In our North American culture there is often a negative stigma associated with counselling. Many people still view it as an option of last resort; something you do only when there is a crisis, or when everything else has failed and you can’t seem to get unstuck from your problems.

Certainly, in a crisis situation, counselling can be both extremely helpful and completely appropriate, but I’m wondering sad-girl.jpgmore about your day-to-day journey. In those moments when you are quiet, maybe even bored, have you noticed, deep down, a sense that there is something missing, that there seems to be a lack of real joy in your life? Or how about your relationships? Are you able to maintain an honest and open relationship with at least one other individual?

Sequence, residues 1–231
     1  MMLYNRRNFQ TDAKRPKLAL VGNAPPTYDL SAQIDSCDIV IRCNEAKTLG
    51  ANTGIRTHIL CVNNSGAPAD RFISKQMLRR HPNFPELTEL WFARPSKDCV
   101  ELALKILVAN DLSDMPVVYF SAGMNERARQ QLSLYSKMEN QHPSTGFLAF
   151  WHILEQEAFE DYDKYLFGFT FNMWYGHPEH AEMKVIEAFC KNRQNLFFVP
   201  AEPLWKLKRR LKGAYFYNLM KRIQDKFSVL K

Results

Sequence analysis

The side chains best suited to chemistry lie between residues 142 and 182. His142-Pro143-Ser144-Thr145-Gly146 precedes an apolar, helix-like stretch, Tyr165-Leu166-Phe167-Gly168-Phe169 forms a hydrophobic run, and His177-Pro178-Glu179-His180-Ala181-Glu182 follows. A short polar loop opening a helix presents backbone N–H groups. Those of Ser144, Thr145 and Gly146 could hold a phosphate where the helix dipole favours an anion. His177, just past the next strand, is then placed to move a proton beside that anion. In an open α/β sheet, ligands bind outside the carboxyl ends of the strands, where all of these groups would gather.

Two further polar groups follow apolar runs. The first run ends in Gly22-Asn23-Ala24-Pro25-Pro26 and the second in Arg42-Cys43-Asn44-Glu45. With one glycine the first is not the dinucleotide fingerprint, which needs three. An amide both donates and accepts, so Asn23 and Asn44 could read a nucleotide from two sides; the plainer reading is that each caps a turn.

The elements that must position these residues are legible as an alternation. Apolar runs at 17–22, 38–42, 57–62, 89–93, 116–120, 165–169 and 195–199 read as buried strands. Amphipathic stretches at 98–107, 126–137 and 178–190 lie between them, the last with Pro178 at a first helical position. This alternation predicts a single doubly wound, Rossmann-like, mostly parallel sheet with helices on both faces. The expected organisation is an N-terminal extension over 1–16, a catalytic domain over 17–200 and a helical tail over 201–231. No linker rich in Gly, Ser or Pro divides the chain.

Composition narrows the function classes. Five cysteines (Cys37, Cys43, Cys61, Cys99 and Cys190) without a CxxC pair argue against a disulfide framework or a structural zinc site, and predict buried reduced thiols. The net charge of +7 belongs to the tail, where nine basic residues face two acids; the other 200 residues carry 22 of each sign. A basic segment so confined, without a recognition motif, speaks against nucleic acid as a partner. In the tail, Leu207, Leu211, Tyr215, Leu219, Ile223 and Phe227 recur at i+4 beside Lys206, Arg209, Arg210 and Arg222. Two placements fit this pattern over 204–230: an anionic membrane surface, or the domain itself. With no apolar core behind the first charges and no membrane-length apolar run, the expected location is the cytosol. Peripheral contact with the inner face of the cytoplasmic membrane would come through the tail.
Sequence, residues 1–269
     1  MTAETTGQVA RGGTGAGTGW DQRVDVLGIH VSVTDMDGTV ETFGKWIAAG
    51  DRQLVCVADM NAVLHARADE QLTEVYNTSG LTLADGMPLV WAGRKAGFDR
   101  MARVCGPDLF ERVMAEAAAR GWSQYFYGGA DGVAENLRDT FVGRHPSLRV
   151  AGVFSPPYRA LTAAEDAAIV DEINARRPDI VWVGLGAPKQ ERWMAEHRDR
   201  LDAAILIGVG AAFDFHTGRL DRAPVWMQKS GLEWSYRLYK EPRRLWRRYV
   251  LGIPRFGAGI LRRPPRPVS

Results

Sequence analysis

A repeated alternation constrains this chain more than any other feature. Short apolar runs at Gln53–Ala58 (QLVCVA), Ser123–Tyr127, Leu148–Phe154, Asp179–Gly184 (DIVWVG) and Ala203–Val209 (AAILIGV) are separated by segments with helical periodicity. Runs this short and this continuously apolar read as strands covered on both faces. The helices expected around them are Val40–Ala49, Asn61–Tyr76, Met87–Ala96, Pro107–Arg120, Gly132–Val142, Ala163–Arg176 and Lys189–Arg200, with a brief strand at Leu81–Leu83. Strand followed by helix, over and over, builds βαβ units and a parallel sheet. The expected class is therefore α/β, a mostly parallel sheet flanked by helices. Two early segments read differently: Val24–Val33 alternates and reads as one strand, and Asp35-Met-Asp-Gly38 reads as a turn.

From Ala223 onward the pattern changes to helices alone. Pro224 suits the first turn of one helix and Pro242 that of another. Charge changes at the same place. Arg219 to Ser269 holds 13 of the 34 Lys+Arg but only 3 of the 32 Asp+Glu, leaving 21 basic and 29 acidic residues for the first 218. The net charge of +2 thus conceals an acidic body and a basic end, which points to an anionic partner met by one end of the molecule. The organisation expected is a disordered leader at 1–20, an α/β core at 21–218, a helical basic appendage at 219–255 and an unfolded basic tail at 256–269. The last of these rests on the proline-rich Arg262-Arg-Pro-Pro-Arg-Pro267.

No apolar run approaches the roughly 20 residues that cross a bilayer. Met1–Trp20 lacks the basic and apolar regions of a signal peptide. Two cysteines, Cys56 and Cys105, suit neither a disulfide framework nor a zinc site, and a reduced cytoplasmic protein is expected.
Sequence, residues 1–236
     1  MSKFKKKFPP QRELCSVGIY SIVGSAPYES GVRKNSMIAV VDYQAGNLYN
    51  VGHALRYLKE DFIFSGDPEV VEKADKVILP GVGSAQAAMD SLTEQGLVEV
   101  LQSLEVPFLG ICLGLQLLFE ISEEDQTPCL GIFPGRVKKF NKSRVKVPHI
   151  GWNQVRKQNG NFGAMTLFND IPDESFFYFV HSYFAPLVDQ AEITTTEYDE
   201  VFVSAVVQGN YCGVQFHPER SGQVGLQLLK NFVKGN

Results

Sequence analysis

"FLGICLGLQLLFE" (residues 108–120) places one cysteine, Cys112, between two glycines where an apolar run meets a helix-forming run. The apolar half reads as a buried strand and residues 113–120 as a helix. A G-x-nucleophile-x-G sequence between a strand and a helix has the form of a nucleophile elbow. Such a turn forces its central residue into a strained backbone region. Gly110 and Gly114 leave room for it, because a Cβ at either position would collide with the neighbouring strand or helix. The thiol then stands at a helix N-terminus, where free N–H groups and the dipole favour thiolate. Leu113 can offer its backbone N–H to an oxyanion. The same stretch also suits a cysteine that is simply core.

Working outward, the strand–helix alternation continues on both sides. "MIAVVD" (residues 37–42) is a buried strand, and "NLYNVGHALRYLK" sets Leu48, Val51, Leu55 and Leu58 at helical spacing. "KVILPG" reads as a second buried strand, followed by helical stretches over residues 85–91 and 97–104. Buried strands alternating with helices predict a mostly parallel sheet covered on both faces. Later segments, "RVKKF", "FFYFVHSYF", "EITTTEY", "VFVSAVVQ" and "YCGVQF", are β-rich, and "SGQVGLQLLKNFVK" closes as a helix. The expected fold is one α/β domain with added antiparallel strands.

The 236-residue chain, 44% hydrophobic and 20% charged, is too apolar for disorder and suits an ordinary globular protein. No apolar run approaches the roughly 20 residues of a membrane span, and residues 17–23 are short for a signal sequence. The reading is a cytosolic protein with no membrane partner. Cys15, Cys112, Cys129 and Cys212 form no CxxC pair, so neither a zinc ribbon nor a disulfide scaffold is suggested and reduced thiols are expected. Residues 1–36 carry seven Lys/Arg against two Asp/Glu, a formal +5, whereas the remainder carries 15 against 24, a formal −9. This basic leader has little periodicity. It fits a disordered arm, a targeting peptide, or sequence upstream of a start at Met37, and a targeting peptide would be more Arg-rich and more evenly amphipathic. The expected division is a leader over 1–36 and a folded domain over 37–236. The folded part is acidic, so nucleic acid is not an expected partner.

These may be hard questions to answer and, to some extent, they are context specific, meaning they somewhat depend on the events that are happening right now in your life. If you have recently experienced a significant loss, then it is not unusual for the “joy” of life to be somewhat elusive. On the other hand, if it seems you rarely enjoy anything, or you find it difficult to engage in the kind of relationships you want, than a therapeutic conversation with a professional counsellor could be particularly beneficial. A counselling relationship can help you to discover connections towards healing and wholeness, thus improving your immediate quality of life, and allow you to collaboratively explore your long-term values and goals.